Posts tagged CIA

Of course y’all are smarter than CIA agents

Shared Article from NPR.org

So You Think You're Smarter Than A CIA Agent

When 3,000 average citizens were asked to forecast global events, some consistently made predictions that turned out to be more accurate than those ma…

Alix Spiegel @ npr.org


For the past three years, Rich and 3,000 other average people have been quietly making probability estimates about everything from Venezuelan gas subsidies to North Korean politics as part of the Good Judgment Project, an experiment put together by three well-known psychologists and some people inside the intelligence community.

. . . For most of his professional career, Tetlock studied the problems associated with expert decision making. His book Expert Political Judgment is considered a classic, and almost everyone in the business of thinking about judgment speaks of it with unqualified awe.

All of his studies brought Tetlock to at least two important conclusions.

First, if you want people to get better at making predictions, you need to keep score of how accurate their predictions turn out to be, so they have concrete feedback.

But also, if you take a large crowd of different people with access to different information and pool their predictions, you will be in much better shape than if you rely on a single very smart person, or even a small group of very smart people.

The wisdom of crowds is a very important part of this project, and it’s an important driver of accuracy, Tetlock said.

According to one report, the predictions made by the Good Judgment Project are often better even than intelligence analysts with access to classified information, and many of the people involved in the project have been astonished by its success at making accurate predictions.

. . . There’s a lot of noise, a lot of statistical random variation, Tetlock said. But it’s random variation around a signal, a true signal, and when you add all of the random variation on each side of the true signal together, you get closer to the true signal.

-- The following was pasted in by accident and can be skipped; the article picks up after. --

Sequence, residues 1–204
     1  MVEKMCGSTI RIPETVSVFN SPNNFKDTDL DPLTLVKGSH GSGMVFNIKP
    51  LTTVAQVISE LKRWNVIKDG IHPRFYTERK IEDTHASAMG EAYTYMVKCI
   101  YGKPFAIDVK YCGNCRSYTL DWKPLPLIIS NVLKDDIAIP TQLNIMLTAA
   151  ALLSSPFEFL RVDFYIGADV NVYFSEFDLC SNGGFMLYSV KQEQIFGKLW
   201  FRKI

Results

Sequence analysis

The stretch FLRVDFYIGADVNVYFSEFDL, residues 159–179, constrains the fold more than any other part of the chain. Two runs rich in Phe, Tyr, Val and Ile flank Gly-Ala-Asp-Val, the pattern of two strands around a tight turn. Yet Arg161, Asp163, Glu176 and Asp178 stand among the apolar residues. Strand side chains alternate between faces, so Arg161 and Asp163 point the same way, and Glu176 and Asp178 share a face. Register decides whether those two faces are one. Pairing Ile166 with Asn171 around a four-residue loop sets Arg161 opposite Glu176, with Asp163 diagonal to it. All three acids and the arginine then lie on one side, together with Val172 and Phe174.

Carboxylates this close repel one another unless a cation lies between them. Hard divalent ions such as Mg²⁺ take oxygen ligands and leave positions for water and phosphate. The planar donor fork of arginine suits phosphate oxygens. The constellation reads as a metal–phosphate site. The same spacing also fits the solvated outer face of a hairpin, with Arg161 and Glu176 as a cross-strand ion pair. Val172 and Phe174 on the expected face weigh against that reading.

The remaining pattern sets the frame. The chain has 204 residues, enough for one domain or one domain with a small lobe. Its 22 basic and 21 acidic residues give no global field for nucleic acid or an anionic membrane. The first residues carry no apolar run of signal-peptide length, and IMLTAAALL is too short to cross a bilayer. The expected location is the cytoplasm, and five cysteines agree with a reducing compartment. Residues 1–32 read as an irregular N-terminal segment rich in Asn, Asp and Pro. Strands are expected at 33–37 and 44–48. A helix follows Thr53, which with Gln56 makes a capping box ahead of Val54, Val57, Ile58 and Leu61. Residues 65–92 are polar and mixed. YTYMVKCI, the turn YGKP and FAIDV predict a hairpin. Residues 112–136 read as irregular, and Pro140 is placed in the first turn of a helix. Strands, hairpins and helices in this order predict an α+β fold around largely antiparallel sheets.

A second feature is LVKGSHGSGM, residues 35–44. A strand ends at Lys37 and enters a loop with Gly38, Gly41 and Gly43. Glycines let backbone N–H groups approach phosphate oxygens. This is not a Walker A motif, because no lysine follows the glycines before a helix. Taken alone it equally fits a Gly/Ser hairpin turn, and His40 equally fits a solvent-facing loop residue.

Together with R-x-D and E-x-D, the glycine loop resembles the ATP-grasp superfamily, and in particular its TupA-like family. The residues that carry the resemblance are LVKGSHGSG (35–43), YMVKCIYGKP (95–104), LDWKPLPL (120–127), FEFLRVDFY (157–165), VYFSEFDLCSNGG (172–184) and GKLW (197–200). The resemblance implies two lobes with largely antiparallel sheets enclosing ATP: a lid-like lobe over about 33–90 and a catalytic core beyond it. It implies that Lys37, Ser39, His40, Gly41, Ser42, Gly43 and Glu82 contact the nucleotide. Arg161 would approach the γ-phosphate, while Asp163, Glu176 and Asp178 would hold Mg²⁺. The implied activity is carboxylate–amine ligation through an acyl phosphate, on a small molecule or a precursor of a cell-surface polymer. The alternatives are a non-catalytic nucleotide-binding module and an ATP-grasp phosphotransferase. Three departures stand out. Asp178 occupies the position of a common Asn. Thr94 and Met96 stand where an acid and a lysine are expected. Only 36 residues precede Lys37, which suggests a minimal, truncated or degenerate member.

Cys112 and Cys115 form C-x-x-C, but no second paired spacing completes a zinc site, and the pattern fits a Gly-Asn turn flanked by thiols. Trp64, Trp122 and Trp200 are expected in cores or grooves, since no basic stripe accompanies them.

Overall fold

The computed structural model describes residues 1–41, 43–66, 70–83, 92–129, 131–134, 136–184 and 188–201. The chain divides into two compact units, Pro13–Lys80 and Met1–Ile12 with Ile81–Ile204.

In other words, there are errors on every side of the mark, but there is a truth at the center that people are responding to, and if you average a large number of predictions together, the errors will end up canceling each other out, and you are left with a more accurate guess.

That is the wisdom of the crowd.

The point of the Good Judgment Project was to figure out if what was true for the dead ox is true for world events as well.

It is.

In fact, Tetlock and his team have even engineered ways to significantly improve the wisdom of the crowd — all of which greatly surprised Jason Matheny, one of the people in the intelligence community who got the experiment started.

They’ve shown that you can significantly improve the accuracy of geopolitical forecasts, compared to methods that had been the state of the art before this project started, he said.

What’s so challenging about all of this is the idea that you can get very accurate predictions about geopolitical events without access to secret information. In addition, access to classified information doesn’t automatically and necessarily give you an edge over a smart group of average citizens doing Google searches from their kitchen tables.

— Alix Spiegel, So You Think You’re Smarter Than A CIA Agent (2 April 2014), NPR Parallels

It’s nice to see closer attention to this in ongoing research. It ought to be completely unsurprising to hear these results, though. The basics of the wisdom-of-crowds findings are well-established by now, even old hat. So it should not be surprising that when you let a lot of people look at a problem, they often do better than the predictions of official experts. If folks are still agog that jes’ folks might do better at predicting than spies with access to classified information, then it may be because they have too much of a science-fiction picture of how intelligence agencies actually work, and too much of a picture of intelligence agencies as omnicompetent, omniscient secret conspiracies — as if the most significant information for predicting world events were some secret world of deep, dark esoteric truths that are locked away in classified files, which give them some immense and systematic advantage over jes’ folks without access to such files. But that’s not how it works. The overwhelming majority of intel analysis has nothing to do with classified information in the first place; it has to do with the completely unsexy reality of systematically gathering publicly available information from foreign newspapers, television, statistical abstracts, etc. There’s no reason to think that privileged government experts have an advantage in doing that; the image of spy agencies as omniscient forces in control of secret wisdom has much more to do with politics than it does with practical reality.